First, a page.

Posted by: thebluemusicblog | April 30, 2012


Kenya is a beautiful land, breathtakingly beautiful and with National Parks full of wildlife of all kinds.

After the executive Committee meeting in Nairobi was over, I participated in a meeting around Sudan and South Sudan and how YMCA activities can be organised in the two countries. Leaders from both countries gave interesting information about the situation just now. Only a few days after this meeting we could see hostile military activities escalating between Sudan and South Sudan. We can only hope for a peaceful development in the weeks and months to come.  It is a very different feeling to read world news when you just have sat face to face with good friends and know that they may be affected personally by the news.

The next day Africa Alliance started its Executive Committee meeting, and I had the opportunity to say a warm thank you to James and Carlos and all the leaders from Africa who had made the Stakeholders meeting such a good experience for all of us.

Then it was time to get outside of the meeting rooms and hotels and dive into the jungle of Lake Nakuru National park, three hours drive from Nairobi.

Only Ingunn and I and a driver with lots of knowledge of the wildlife and the nature. The first afternoon we saw some huge rhinos, and experienced something quite special, a baby rhino being breastfed by the mother rhino! Rather complicated procedures with those very special noses!

The buffaloes are some of the most dangerous and aggressive animals there are, and having them staring at us from a couple of metres distance only, was a chilling experience, I have to admit!

Monkeys and antelopes of different kinds surrounded us in abundance.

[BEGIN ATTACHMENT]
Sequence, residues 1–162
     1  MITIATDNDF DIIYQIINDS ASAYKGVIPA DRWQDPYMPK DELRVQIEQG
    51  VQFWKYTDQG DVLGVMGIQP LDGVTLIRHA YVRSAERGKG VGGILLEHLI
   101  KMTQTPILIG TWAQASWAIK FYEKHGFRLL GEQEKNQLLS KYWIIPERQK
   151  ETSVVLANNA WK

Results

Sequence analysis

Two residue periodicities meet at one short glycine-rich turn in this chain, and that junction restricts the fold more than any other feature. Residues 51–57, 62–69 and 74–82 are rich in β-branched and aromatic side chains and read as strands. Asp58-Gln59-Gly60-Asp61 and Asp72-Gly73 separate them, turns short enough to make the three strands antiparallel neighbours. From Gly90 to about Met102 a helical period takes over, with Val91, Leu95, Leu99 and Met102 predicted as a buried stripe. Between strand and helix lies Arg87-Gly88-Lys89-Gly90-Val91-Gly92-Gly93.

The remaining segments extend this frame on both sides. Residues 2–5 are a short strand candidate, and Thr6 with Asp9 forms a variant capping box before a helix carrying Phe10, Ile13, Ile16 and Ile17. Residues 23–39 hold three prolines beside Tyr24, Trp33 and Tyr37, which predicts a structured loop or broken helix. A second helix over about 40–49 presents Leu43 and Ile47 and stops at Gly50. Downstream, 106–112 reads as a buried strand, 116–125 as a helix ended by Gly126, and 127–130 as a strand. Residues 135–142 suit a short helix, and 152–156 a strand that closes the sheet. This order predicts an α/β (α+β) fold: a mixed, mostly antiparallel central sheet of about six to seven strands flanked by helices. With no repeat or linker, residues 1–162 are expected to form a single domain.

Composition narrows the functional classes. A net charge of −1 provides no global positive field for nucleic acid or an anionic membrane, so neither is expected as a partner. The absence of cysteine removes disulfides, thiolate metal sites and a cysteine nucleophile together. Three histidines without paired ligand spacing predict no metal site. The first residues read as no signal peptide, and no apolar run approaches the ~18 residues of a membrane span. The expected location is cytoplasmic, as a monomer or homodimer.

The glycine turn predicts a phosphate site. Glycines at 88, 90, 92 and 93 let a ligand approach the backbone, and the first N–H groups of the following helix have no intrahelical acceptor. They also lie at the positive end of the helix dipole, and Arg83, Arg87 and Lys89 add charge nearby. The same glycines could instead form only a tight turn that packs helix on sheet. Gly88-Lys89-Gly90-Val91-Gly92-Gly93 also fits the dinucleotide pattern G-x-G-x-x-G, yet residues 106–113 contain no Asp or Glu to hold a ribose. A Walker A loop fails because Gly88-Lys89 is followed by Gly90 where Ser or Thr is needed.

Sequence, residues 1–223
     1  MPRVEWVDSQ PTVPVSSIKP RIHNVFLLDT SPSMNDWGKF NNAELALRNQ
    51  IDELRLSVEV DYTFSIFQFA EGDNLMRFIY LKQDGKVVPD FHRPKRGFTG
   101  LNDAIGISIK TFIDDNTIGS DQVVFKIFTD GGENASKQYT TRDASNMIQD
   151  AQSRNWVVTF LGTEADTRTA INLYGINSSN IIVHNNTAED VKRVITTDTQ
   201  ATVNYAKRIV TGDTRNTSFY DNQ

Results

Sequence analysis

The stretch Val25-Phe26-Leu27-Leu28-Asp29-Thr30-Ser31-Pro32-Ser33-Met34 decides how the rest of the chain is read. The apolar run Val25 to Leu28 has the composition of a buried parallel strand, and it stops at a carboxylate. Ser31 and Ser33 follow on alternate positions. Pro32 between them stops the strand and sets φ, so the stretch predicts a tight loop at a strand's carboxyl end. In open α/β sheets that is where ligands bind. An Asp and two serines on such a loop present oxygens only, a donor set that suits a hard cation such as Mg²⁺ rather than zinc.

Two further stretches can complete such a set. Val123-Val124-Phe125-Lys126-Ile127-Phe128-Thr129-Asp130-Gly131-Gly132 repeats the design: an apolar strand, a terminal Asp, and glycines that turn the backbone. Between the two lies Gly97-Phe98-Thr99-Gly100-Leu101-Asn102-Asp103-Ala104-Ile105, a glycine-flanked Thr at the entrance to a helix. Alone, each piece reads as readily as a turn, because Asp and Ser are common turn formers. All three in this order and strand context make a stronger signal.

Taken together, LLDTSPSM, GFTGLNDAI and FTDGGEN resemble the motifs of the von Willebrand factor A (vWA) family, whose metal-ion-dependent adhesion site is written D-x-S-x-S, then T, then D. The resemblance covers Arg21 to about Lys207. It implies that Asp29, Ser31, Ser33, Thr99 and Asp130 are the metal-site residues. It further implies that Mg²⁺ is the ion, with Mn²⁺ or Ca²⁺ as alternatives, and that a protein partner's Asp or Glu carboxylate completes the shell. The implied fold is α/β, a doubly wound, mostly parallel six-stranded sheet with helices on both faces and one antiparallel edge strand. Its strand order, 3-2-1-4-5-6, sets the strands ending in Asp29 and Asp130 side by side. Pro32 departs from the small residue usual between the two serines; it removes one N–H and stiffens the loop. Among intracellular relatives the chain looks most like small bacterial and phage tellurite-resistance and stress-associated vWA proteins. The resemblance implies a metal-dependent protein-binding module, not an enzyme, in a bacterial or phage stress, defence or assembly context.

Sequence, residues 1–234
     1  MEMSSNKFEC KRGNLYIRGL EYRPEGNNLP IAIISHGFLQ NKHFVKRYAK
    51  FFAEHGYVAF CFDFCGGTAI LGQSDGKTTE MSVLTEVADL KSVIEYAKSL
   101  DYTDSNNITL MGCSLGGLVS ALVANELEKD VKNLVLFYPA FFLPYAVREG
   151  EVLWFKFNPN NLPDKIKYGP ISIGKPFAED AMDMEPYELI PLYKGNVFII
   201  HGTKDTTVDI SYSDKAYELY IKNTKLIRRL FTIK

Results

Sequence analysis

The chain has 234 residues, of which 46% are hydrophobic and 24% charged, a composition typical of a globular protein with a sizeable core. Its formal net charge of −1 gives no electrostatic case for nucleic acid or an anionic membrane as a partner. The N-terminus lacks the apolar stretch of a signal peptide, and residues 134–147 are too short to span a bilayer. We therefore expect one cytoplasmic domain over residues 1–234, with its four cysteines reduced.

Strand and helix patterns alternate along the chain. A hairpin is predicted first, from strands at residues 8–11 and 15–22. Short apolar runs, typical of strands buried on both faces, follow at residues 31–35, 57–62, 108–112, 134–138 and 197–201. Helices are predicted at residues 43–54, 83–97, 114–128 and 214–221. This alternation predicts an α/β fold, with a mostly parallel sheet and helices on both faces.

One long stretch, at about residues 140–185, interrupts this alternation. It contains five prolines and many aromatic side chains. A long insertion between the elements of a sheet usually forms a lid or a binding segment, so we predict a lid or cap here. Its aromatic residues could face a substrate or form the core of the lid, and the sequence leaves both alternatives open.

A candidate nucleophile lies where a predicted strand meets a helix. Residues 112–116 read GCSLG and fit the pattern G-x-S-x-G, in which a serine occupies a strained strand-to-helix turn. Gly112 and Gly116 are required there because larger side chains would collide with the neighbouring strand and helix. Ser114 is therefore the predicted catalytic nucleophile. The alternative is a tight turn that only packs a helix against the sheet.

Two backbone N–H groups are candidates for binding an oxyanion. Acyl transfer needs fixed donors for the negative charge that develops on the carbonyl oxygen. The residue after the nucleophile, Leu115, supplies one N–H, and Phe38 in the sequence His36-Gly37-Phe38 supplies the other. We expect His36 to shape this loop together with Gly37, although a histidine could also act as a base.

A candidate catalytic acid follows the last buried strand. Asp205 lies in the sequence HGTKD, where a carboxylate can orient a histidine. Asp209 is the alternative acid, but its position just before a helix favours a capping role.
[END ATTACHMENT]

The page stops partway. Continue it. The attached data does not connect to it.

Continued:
Zebras were playing with one another in big flocks, seeing all those zebras really brought me back to childhood memories of circus animals.

We spent the night in a lodge deep inside the jungle, and the sound of the jungle at night is something I never have experienced. It was like a wild cacophony of screams and thousands of different sounds of animals hunting or being hunted, fighting for their lives or attacking in aggressive wildness. Total darkness and this roaring sound – it was an experience of a lifetime!

Next morning we drove further into the jungle and our very observant driver and guide discovered signs of lions. The first sign for our driver was an impala standing paralyzed  fifty metres away from us. We were of course not able to read those signs, but our driver told us that the impala had seen the lions and the impala was observed himself by the lions. There was contact and paralyzing fear.

After a few minutes we saw the lions. I counted ten lions. Beautiful, majestic animals, kings of the jungle.  Here we could observe the result of last nights screaming and hunting and fighting, a buffalo had become the breakfast for this group of lions, and some of the lions were still eating while we watched, others were lying down, full and satisfied. And no appetite for the paralyzed impala!

My favourite animal in the jungle is the giraffe. They are not aggressive at all, they look so kind and friendly and when they move, they are the most elegant animals I have ever seen. We saw flocks of twenty-thirty giraffes and enjoyed some very close encounters with them.

The birdlife around the lakes was exceptional. Flamingos and pelicans became our favourites, colourful and elegant and in big numbers.

We had had 10 days of meetings in Nairobi, including different groups of people and different topics to discuss. But the overall theme had been Youth Empowerment in the YMCA.  We reached very good results, and the outcome of the different meetings became very encouraging. It was a fantastic feeling to take these inspirational results and digesting them and reflecting over them at the same time as Africa opened up its wildlife and its overwhelming, generous nature.

The meetings in Nairobi will stay with me for a very long time, as well as the encounters with lions and giraffes and beautiful flamingos. And the old buffalo with a friendly bird on top of him.

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